Dark and Powerful
Enigmatic electronic artist EMA (Erika M. Anderson) has a knack for choosing strikingly appropriate titles for her songs and albums. The Future’s Void, her third album, teeters on the edge of a syntactical abyss: it’s either a depressingly cynical statement (the future is void), or a possessive, a taking hold and a staking out of unexplored, unknowable territory (the void of the future). It seems she chooses the latter, filling the void of the unknown with a haunting, memorable soundtrack sure to plague your dreams.
The album begins with the spacey “Satellite,” an eerie, pulsing bass drawing you in between bursts of static, thumping ominously below Anderson’s urgent, anguished vocals. A percussive beat and distorted low keys, somewhat reminiscent of Grimes (but much darker), build to a fever pitch. “Smoulder” does exactly what its name implies: a spare beginning, with movie dialogue and light, insistent keys, is disrupted by a crash of industrial percussion and synths, Anderson’s smoky voice cracking and hissing, hazy through layers of distortion. It slowly burns and builds, hovering on the cusp of a climactic moment, but never quite giving in. “Cthulu,” likely named after the H.P. Lovecraft creation, evokes the haunting, dark plains and badlands of Anderson’s native South Dakota with minor synths, somber guitar riffs and eerie choral vocals.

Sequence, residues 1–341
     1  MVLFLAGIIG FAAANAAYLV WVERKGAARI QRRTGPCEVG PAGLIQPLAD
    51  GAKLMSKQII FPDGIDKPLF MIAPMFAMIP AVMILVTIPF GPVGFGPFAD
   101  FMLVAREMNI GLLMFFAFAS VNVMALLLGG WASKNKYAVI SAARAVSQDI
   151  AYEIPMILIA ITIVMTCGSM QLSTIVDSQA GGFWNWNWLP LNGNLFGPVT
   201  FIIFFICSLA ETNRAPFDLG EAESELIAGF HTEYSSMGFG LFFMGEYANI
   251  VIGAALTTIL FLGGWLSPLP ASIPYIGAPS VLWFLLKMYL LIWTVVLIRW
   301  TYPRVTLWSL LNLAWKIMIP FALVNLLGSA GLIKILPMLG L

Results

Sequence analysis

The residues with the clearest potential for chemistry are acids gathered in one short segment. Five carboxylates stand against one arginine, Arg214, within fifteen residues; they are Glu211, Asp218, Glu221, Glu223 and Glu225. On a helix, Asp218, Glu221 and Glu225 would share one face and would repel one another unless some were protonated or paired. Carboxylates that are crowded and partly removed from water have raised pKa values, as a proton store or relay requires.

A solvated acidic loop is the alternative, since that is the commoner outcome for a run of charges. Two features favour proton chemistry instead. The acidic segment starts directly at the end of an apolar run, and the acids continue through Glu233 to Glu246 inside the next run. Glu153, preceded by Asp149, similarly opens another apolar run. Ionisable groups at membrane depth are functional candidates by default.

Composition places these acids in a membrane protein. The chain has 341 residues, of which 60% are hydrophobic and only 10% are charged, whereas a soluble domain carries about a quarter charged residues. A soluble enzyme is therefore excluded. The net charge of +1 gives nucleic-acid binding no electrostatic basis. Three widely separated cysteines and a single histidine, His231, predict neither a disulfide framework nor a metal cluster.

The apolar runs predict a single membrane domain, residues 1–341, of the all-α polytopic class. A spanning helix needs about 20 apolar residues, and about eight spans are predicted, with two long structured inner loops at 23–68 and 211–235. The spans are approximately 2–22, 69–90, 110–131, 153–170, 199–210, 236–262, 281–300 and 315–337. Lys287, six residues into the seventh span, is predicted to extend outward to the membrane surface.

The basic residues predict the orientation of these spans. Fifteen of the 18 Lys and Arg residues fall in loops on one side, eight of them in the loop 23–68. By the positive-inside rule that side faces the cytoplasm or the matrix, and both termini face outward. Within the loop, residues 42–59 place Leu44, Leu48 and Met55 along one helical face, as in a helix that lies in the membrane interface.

The most interesting thing about The Future’s Void, though, is its stylistic variety. EMA crosses the genre lines of electro, indie-folk, ’90s grunge, and pseudo-country. Both “So Blonde” and “Neuromancer” have noticeably different genre elements. “So Blonde” is the most traditional song on the album, by far, with a standard guitar-driven verse and slightly grungy vocals. “Neuromancer” has rough percussion with a folksy edge and a rolling, rambling beat. “I’m Lucifer / I will survive,” Anderson cries, over and over above pounding drums. And the closing track, “Dead Celebrity,” sounds creepily reminiscent of a colonial military march, militiamen and redcoats and all.
This album shows EMA branching out to new genres, taking the devastating, smack-you-in-the-soul emotional import of her 2011 sophomore album Past Life Martyred Saints and pushing it in new directions. Her experimentation might not be entirely unprecedented—she was, after all, a member of both Amps for Christ and the short-lived noise-folk band Gowns—but EMA delights all the same, and she’ll be an artist to continue to watch.